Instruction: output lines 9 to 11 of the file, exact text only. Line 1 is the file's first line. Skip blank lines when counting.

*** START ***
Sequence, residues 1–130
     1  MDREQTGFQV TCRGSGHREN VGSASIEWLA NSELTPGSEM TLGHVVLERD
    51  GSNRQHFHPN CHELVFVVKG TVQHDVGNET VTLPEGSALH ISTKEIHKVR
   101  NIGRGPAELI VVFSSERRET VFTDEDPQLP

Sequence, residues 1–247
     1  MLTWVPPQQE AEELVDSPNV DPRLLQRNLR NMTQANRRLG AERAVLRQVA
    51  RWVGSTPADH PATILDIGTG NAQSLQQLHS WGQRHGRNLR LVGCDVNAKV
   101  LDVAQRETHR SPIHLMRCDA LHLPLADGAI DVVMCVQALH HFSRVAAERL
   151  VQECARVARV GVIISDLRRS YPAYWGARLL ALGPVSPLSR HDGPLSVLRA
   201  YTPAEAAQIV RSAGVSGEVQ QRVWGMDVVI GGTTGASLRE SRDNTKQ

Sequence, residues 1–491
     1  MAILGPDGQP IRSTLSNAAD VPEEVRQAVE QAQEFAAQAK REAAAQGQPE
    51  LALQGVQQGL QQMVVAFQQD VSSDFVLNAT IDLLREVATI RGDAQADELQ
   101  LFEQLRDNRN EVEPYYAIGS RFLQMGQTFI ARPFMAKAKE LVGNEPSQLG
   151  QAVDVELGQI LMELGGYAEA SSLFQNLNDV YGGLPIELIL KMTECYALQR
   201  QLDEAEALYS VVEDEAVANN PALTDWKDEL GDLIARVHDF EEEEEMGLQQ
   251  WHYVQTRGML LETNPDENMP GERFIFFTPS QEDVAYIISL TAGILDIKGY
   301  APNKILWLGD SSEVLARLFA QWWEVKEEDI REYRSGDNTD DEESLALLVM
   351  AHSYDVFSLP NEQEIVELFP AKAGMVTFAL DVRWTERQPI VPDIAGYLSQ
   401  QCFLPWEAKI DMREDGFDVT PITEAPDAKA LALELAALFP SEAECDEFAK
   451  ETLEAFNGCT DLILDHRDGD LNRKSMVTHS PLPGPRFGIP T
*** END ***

   151  VQECARVARV GVIISDLRRS YPAYWGARLL ALGPVSPLSR HDGPLSVLRA
   201  YTPAEAAQIV RSAGVSGEVQ QRVWGMDVVI GGTTGASLRE SRDNTKQ

Sequence, residues 1–491